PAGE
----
Winter storm brings snow, rain, wind & cold to Eastern, Central Canada

A powerful winter storm that brought heavy rain and snow to much of Eastern and Central Canada has closed schools, flooded streets, knocked out power and is forcing school buses to stay off the roads in Toronto today as temperatures plummet.

Weather warnings remained in place in much of the region, cautioning that Sunday’s nasty storm system could deliver a one-two punch as plunging temperatures cause slush, pooling water and any precipitation to flash freeze.

Schools in much of New Brunswick were closed today, and some offices and universities were delaying their openings following rains that left some streets in areas like Saint John submerged under ice-clogged waters.

Several Toronto school boards, including the Toronto District School Board and the Toronto Catholic District School Board, decided to cancel bus service out of concerns that frigid temperatures could delay travel and put students at risk as they wait for pickup.

NB Power reported about 3,000 customers were without electricity, while Nova Scotia Power said about 34 outages were affecting just over 1,100 customers.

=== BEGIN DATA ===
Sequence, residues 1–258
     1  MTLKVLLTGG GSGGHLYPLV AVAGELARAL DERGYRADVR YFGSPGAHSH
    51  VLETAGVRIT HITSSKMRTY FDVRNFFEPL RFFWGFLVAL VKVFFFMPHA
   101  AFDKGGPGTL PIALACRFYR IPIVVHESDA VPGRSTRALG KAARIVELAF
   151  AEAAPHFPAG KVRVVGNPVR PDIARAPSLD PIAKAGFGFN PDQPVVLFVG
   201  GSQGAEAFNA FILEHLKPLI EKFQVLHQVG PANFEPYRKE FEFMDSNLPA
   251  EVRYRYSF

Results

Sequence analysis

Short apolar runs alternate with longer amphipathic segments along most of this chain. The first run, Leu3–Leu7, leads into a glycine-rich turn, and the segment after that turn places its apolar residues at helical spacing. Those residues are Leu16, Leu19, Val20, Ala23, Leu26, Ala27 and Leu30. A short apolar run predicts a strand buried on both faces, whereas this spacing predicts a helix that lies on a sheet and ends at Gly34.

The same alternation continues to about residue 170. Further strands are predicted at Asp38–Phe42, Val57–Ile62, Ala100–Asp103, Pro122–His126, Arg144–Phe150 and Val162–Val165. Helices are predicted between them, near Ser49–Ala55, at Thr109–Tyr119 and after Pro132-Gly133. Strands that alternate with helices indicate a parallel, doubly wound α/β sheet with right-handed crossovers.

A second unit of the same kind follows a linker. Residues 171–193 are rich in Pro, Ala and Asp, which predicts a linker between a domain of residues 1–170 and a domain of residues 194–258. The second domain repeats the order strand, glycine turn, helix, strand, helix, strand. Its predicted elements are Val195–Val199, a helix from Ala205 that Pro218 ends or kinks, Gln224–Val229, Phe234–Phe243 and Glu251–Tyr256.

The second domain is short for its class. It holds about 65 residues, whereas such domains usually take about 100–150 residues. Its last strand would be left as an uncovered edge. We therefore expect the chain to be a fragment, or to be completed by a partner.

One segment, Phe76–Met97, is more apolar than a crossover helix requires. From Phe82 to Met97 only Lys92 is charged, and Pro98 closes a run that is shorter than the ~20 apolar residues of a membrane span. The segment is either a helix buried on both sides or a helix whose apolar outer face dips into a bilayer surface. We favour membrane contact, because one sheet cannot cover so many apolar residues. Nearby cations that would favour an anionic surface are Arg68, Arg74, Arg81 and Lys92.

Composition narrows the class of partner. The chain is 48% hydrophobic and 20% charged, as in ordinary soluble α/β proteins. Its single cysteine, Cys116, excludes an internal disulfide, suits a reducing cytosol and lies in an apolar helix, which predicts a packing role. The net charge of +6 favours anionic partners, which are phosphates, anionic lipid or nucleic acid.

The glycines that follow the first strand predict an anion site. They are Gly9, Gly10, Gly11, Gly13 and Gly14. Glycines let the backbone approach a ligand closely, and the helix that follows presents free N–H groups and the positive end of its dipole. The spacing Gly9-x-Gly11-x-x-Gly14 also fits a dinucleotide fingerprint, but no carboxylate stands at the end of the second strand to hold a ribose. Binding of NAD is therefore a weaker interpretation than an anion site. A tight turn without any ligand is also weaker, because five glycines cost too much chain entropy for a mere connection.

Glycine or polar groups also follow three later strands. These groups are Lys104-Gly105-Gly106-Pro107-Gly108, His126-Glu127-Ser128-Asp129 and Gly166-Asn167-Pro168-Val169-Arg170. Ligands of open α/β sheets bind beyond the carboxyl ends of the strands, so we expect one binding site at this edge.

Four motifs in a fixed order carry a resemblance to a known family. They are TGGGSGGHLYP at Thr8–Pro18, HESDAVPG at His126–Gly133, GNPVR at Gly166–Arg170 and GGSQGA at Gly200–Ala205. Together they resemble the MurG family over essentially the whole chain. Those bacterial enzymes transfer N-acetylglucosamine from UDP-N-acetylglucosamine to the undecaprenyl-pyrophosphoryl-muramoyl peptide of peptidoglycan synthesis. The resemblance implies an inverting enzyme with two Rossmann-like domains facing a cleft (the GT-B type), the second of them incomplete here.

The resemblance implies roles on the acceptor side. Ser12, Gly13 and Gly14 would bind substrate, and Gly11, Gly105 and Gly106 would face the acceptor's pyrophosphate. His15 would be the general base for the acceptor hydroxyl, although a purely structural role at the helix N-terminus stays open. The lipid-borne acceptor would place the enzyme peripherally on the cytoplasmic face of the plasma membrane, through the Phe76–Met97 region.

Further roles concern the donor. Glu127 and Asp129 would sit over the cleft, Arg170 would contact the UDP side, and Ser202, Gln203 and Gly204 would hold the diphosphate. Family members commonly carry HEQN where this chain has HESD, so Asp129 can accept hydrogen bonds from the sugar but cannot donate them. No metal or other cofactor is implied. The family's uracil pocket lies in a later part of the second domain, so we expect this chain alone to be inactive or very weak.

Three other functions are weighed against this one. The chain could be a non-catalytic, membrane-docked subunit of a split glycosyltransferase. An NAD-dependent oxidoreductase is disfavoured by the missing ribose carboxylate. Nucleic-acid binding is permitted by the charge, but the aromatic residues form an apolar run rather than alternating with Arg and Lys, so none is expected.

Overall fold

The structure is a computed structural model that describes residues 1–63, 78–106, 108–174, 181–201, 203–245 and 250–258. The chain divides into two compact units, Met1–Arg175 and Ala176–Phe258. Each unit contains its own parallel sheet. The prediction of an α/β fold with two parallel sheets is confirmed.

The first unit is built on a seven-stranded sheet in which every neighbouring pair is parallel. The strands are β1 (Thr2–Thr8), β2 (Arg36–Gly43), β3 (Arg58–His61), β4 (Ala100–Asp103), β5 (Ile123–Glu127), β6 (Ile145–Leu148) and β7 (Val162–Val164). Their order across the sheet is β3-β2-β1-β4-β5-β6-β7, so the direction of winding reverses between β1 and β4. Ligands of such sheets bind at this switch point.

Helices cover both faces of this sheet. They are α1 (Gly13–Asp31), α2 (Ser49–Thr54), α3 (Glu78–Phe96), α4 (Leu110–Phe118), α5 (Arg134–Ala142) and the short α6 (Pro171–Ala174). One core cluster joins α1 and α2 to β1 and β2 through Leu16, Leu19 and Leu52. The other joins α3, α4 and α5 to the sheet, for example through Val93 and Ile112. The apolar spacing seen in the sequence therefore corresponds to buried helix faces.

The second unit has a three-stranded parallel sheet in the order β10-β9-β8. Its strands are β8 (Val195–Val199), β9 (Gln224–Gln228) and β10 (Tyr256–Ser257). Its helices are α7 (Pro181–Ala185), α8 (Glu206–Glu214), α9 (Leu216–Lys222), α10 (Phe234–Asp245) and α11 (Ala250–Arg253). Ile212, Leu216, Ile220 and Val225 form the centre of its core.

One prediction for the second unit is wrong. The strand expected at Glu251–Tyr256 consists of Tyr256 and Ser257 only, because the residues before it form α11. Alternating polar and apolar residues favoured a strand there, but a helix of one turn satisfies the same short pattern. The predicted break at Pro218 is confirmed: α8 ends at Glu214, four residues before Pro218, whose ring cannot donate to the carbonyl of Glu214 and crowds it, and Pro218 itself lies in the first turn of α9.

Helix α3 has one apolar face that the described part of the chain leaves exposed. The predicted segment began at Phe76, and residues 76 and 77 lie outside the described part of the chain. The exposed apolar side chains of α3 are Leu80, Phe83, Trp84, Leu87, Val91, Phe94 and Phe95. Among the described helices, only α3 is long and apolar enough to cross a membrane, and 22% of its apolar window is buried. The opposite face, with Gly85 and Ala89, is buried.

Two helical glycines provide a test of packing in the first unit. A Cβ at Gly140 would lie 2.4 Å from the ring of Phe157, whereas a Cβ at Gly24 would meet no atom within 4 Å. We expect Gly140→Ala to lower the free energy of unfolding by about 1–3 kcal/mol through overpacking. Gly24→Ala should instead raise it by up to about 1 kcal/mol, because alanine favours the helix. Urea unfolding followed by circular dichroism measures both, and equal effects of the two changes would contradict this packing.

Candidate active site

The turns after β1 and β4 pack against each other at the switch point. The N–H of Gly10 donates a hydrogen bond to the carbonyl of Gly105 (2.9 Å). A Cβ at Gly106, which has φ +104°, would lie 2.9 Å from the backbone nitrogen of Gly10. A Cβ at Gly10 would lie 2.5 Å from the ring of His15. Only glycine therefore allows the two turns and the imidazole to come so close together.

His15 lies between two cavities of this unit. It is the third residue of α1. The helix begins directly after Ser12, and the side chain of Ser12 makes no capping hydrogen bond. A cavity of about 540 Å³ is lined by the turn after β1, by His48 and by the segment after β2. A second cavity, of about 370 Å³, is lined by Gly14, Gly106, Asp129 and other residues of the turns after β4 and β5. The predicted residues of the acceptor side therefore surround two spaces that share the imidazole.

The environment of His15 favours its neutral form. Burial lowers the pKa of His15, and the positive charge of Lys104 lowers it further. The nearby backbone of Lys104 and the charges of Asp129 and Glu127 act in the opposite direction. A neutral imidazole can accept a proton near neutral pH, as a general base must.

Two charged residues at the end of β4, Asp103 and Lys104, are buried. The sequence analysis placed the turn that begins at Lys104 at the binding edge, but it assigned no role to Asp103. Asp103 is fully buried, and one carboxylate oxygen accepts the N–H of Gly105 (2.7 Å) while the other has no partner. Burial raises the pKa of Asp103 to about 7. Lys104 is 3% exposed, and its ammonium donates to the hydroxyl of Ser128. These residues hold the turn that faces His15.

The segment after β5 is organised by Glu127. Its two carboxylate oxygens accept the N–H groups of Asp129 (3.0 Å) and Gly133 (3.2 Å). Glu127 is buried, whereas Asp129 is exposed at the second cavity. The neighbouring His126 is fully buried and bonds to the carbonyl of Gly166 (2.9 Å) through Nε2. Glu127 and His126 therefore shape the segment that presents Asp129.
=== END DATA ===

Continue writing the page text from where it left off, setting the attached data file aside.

Environment Canada was forecasting flurries and ice pellets or freezing rain in New Brunswick this morning changing to snow in the afternoon with winds gusting to 40 km/h, and wind chill temperatures as low as minus 50 Celsius.

Wind and rainfall warnings have been posted in central Nova Scotia, while in Prince Edward Island a flash freeze warning has been issued with rain showers expected to change to flurries early in the afternoon.

Newfoundland is dealing with wind and rainfall warnings, with 20 millimetres of precipitation forecast for the south coast, along with 50 km/h winds gusting to 80 and even 100 km/h in some areas.

In Quebec and Ontario the snow has largely stopped falling, but extreme cold warnings remain in place with wind chills expected to drop to almost minus 40 in Toronto.

Montreal and Ottawa are looking at daytime highs of just minus 15 to 17 with icy wind chills as low as minus 40 where exposed skin can suffer frostbite in just minutes.

Sunday’s snow storm caused some flight cancellations at airports across the affected regions, and in Montreal they even cancelled a festival dedicated to snow.

The city said it was suspending the Fete des Neiges due to the snowy, windy and cold weather as well as the dangerous conditions on Quebec’s roads.

IMGlobal: Insurance Coverage for the 2018 Hurricane Season

As seen during the fall of 2017, hurricane season can bring tremendous loss to all citizens and residents of affected areas as well as to tourists and travelers.